required by the U.S. DOT were used in calculating the average EAS ridership as a percent of
aircraft capacity. Thus, it is possible for the subsidized air carriers to run more than the required
amount of round trips if the traffic is high enough. The detailed calculation is as follows:
.  ℎ       =
2014  
[(   )× ( )]
(15)
Note that density plots show the probability of an observation having some specified value for
the given variable of interest, which, in this case, is the average EAS ridership as a percent of
aircraft capacity. Figure 10 shows a bar chart of EAS utilization.
56
Figure 10. EAS utilization histogram
57
APPENDIX C
This appendix includes an elaboration of the methodology summarized in the report.
The selection process for subsidies is as follows:



The governing statutes require the U.S. DOT to consider four carrier selection criteria, and
subsidy is not one. Nonetheless, the U.S. DOT may consider the relative subsidy
requirements of the various options, and it has done so since the inception of the program. In
selecting a carrier, the law directs the U.S. DOT to consider four factors: (1) service
reliability, (2) contractual and marketing arrangements with a larger carrier at the hub, (3)
interline arrangements with a larger carrier at the hub, and (4) community views.
After the U.S. DOT receives proposals, it formally solicits the views of the communities as to
which carrier and option the community prefers. After receiving the communities’ views, the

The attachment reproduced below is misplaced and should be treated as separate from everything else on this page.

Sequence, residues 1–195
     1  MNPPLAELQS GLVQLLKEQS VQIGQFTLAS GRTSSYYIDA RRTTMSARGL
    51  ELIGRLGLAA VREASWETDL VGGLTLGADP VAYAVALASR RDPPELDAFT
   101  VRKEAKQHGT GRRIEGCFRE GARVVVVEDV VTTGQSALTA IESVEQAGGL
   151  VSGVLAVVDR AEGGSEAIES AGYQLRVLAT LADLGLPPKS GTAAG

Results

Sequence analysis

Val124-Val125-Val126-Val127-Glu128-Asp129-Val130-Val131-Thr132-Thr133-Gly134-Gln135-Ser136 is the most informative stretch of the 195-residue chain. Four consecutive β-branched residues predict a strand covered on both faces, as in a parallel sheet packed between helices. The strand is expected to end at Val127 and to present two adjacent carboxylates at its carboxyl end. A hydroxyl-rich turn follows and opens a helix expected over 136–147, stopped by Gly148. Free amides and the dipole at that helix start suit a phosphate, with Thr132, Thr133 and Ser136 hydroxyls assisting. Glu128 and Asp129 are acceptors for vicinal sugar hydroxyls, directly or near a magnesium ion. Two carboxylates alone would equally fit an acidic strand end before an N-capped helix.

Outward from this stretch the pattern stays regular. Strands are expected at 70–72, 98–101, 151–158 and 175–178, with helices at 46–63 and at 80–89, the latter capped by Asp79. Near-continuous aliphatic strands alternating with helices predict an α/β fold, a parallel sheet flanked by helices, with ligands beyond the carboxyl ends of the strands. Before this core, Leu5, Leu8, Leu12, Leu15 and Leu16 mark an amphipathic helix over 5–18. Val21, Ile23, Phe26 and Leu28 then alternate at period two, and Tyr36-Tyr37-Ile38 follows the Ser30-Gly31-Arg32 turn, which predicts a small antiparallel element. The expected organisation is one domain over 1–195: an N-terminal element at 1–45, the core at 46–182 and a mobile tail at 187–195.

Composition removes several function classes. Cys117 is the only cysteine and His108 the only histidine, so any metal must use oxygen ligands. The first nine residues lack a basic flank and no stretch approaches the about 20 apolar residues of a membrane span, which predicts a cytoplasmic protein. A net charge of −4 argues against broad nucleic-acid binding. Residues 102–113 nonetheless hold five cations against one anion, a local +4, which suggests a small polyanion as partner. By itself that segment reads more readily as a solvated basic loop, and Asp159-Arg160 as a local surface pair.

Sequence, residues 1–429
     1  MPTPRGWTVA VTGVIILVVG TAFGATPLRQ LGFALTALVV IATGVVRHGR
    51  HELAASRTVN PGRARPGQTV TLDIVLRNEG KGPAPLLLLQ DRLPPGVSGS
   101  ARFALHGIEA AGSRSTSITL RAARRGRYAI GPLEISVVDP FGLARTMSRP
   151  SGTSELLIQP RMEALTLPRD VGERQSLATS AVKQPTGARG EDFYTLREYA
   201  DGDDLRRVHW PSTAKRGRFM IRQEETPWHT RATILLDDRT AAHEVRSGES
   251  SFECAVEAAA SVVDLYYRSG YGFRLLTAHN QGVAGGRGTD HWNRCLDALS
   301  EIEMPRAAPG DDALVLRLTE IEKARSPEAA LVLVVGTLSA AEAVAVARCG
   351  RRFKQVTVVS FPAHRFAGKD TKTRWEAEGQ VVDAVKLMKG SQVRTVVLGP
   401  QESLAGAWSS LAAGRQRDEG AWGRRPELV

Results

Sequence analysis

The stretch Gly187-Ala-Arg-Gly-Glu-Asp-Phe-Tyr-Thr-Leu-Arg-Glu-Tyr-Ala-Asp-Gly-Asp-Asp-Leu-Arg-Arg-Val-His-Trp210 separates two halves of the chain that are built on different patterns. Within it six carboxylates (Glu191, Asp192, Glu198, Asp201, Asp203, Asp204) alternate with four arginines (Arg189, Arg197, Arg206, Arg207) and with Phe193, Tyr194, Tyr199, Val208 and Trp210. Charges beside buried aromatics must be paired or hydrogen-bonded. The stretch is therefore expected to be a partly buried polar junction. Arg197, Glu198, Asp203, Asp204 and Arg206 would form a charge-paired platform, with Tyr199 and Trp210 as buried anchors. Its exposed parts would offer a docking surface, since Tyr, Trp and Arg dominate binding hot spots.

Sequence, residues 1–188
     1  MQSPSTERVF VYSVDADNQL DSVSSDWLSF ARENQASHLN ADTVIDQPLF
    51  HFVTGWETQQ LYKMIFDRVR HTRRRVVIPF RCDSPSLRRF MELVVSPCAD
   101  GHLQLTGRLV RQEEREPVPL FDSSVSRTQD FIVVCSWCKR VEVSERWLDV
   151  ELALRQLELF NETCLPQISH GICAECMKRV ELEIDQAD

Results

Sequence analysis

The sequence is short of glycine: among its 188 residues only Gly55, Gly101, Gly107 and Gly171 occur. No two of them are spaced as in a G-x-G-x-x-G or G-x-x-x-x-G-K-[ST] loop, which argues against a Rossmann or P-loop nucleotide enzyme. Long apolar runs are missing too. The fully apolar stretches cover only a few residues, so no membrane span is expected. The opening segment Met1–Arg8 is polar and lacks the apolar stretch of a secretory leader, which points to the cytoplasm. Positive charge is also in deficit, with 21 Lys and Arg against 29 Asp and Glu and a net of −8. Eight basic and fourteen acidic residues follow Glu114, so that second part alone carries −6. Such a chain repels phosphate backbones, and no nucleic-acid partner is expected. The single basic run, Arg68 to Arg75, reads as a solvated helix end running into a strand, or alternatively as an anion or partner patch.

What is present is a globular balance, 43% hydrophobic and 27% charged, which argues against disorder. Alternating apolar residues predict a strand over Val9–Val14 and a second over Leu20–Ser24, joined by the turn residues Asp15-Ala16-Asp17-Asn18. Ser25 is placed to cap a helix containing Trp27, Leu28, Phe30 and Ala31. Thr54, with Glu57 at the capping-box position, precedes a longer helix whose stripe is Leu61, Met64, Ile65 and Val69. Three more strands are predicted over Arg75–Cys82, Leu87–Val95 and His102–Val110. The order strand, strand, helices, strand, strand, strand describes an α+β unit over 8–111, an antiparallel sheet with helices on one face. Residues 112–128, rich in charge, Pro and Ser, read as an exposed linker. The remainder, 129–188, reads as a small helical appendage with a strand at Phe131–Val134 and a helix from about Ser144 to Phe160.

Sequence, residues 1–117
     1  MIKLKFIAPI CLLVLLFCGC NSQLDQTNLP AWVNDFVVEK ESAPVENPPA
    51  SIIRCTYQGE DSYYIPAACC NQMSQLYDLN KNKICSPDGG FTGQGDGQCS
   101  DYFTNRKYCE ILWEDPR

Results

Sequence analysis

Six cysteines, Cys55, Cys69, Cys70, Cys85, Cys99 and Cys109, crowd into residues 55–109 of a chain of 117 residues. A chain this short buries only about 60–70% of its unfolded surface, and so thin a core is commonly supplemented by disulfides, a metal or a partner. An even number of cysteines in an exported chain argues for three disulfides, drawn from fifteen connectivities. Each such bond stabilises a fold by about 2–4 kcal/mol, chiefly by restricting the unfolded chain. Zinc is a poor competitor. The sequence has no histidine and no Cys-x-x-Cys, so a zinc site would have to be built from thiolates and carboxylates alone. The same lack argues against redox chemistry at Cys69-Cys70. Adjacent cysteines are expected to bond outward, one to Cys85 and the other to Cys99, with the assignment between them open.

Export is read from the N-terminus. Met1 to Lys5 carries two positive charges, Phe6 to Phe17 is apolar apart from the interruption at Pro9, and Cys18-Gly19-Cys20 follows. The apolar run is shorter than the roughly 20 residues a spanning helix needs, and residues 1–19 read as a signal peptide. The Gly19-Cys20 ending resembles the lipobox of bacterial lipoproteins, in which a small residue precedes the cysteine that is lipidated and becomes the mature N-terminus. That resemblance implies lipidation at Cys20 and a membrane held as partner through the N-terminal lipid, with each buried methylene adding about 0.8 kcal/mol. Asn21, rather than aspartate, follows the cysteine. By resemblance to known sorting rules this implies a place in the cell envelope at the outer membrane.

U.S. DOT issues a decision designating the successful air carrier and specifying the specific
service pattern (routing, frequency, and aircraft type), subsidy rate, and effective period of
the rate. It is possible to change the terms of the contract during the two-year period if the
carrier and community agree and the carrier agrees to the same or lower subsidy rate.
This information is taken directly from the U.S. DOT’s website under the EAS tab (U.S.
DOT 2015a).
The endogeneity problem arises when there is a correlation between any independent or control
variable(s) and the error term. In regression analysis, the error term is the predicted value of Y
minus the observed value of Y or the unexplained portion of the variation in the dependent
variable around its mean. A more intuitive explanation of endogeneity is that it arises when any
one of the Xs (right-hand side variables) is actually a function of Y (left-hand side variable) and Y
may also be a function of the endogenous X. In other words, one of the Xs is not an independent
variable but does have an effect on Y. This can be shown mathematically:
(, ) = 0 + 1 (, ) + 2  + 
(16)
Where X is a function of both Y and parameter θ and Y is a function of X and T.
To control for endogeneity issues between total enplanements and total employment, Brueckner
(2003) uses four instrumental variables. The first is a variable that indicates whether the
metropolitan area has a hub airport, and in cases where the area has more than one airport, this
variable takes on the value equal to the share of that hub airport’s enplanements out of the total
enplanements for all airports in the metropolitan area. The second instrument is a dummy
variable that equals one for metropolitan areas that are not in the top 26 areas with the highest